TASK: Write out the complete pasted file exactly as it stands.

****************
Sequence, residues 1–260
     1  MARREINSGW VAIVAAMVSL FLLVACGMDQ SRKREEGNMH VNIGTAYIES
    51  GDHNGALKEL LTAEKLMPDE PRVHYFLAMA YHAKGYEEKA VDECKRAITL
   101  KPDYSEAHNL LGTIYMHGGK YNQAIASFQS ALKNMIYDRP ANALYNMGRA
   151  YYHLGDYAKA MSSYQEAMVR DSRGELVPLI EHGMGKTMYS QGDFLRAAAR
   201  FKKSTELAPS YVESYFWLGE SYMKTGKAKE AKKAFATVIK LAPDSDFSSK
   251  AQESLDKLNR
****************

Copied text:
Sequence, residues 1–260
     1  MARREINSGW VAIVAAMVSL FLLVACGMDQ SRKREEGNMH VNIGTAYIES
    51  GDHNGALKEL LTAEKLMPDE PRVHYFLAMA YHAKGYEEKA VDECKRAITL
   101  KPDYSEAHNL LGTIYMHGGK YNQAIASFQS ALKNMIYDRP ANALYNMGRA
   151  YYHLGDYAKA MSSYQEAMVR DSRGELVPLI EHGMGKTMYS QGDFLRAAAR
   201  FKKSTELAPS YVESYFWLGE SYMKTGKAKE AKKAFATVIK LAPDSDFSSK
   251  AQESLDKLNR